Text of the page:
Cutie and the Boxer
Cutie and the Boxer is the story of Noriko Shinohara, a talented artist who sacrificed her own ambitions to support her temperamental, brilliant, alcoholic husband, famed “boxing” painter Ushio Shinohara, and how she finally stands up for herself after 40 years of marriage to finally pursue her own art instead of merely assisting her husband with his.
The film begins by showing us 80-year-old Ushio struggling not just to stay relevant but to establish his lasting legacy in the field of art, but shifts gears as Noriko — who four decades ago came to the United States to study art, met the much older Ushio, and promptly gave up her own aspirations to marry and support him– begins to work seriously for the first time on her own artistic effort. Noriko’s work is a series of drawings called “Cutie and Bullie” that depicts her struggles in her long relationship with her husband; her drawings are honest and emotionally raw; she uses them to gently express both her long-dormant anger and resentment, and to find her own voice as an artist.
Ushio and Noriko live in poverty, struggling to pay their rent, even as a representative from the Guggenheim comes to talk to them about purchasing one of Ushio’s works for their permanent collection. The gallery show of Ushio’s work that opens the film doesn’t go well, with not a single work being sold. Ushio continues to work, and Noriko to assist him as she always has, while Ushio puts Noriko down in countless small ways, referring to himself as the artistic genius and her as his less-gifted helper. Clearly, this is a long established dynamic between the two, but as Noriko expresses herself more and more through her drawings of Cutie and long-held resentments start to unfurl, she starts to speak up for herself, to demand that Ushio acknowledge her contributions to their relationship.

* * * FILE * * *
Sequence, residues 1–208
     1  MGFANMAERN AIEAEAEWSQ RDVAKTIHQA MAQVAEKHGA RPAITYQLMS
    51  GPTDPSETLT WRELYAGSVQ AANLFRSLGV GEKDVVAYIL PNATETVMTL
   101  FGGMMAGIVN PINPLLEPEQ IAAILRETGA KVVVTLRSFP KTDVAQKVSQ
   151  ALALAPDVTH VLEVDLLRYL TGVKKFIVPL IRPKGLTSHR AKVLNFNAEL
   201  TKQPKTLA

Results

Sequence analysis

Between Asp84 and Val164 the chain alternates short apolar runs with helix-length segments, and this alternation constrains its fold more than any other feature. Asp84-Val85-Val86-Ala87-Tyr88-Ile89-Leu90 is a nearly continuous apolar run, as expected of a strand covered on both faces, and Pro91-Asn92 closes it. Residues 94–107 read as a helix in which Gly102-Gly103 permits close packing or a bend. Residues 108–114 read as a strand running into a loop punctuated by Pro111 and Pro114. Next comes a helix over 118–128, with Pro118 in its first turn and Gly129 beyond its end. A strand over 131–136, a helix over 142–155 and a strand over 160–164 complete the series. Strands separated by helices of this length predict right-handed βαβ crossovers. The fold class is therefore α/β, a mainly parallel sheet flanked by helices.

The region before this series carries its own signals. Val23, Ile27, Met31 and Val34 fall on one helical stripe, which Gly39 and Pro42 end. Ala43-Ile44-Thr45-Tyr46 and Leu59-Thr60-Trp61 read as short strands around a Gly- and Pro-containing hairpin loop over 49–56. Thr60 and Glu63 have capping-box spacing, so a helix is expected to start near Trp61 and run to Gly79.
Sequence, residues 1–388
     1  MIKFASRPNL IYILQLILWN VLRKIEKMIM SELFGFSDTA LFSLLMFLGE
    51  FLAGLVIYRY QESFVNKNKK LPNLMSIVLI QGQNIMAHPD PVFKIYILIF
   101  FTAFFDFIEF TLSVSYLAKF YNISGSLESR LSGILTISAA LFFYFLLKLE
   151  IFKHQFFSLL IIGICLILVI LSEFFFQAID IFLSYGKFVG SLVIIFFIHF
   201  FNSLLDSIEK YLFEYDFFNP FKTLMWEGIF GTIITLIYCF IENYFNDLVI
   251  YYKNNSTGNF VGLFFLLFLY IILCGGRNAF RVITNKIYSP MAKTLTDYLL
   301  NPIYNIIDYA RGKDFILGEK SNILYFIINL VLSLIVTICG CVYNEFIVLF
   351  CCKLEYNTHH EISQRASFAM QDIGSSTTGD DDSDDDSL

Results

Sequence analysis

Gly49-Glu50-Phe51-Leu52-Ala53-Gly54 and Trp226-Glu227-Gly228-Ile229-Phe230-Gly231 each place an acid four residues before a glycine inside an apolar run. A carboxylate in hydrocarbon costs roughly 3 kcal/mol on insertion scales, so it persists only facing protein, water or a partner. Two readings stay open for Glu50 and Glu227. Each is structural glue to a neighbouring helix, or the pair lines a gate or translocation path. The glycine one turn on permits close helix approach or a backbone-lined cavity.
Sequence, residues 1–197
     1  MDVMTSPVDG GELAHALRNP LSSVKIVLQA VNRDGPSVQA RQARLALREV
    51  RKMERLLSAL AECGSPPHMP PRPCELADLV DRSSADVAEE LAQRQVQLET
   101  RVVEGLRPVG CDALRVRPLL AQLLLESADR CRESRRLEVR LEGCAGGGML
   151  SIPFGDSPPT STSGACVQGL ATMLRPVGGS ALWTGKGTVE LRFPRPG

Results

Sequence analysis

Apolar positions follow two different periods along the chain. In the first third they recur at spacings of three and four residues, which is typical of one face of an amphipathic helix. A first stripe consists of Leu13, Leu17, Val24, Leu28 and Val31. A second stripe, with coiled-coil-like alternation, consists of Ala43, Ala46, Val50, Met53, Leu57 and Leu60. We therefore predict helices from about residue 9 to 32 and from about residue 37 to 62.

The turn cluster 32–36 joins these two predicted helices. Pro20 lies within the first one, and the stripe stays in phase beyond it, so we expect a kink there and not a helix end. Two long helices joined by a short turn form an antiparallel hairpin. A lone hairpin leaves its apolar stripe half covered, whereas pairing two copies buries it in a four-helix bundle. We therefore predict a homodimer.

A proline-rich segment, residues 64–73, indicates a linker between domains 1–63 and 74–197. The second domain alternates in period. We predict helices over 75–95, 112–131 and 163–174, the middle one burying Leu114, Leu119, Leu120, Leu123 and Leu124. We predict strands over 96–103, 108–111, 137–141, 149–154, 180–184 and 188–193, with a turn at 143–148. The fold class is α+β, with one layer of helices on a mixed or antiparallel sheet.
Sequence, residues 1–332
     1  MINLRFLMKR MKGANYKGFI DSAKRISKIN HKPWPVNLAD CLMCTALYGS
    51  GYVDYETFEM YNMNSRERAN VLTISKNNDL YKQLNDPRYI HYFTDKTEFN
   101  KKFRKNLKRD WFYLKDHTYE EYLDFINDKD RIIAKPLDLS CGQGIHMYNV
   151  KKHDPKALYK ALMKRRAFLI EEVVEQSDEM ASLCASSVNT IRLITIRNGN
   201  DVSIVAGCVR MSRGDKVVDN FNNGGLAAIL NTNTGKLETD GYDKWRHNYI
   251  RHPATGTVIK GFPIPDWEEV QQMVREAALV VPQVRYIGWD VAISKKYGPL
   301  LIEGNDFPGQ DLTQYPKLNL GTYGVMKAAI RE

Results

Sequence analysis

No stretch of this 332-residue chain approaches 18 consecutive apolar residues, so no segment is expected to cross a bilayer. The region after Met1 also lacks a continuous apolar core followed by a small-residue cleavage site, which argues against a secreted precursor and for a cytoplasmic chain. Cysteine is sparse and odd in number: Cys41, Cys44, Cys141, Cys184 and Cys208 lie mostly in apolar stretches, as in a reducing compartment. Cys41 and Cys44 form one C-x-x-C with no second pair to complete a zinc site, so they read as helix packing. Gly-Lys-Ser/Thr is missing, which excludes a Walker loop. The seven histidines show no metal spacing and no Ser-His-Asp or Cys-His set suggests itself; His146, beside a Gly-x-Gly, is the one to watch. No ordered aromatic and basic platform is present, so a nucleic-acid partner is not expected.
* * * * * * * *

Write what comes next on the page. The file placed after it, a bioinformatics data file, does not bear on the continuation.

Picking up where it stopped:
As Ushio prepares for another gallery show, the seeds of a plan grow in Noriko’s mind: to show the gallery owner her own work when he comes to see Ushio’s, in the hopes that finally her own talent as an artist will be recognized. And so it is. The gallery owner proposes a joint show of the husband-and-wife’s artist’s work, forcing Ushio to really see his wife’s abilities for the first time, and this is where Cutie and the Boxer shifts gears into something deeper and more universal.
Ushio studies Noriko’s drawings carefully, and we watch, fearing that he’s going to take his wife’s hopes and ambitions and crush them. But you can see on his face when he’s looking through her drawings a recognition both of the talent on display there, and, for the first time, an introspective understanding of his wife’s perspective on their long history. He makes jokes about the way Bullie represents him, but he cannot really argue much with their relationship as Noriko represents it. Through Noriko’s Cutie and Bullie drawings, the two of them finally aspire, after 40 years of her supporting him, to reach a place of better understanding and equality in their relationship and their artistic lives. Love is complicated, and Noriko conveys this with anger, yes, but also with gentle humor and compassion. “Cutie hates Bullie?” Ushio hestitantly asks his wife, as if fearing the answer. “No,” she replies. “Cutie loves Bullie. Very much.”
Cutie and the Boxer is a beautifully made film, as one might expect a film about the art world to be. There is vividness of color here, and contrast between the pair’s struggles in the real world and the way in which they express themselves artistically. Like all artists, including no doubt many of the filmmakers with films at Sundance, for Ushio and Noriko the financial struggles of an artist being able to survive while still creating are a constant source of tension, but there’s never a time when either of them says, well, we’re not getting rich of this, so we should give it up and get a steady job to pay the bills. They fight and they struggle, but the art and being able to keep creating it remains at the forefront of their relationship through it all.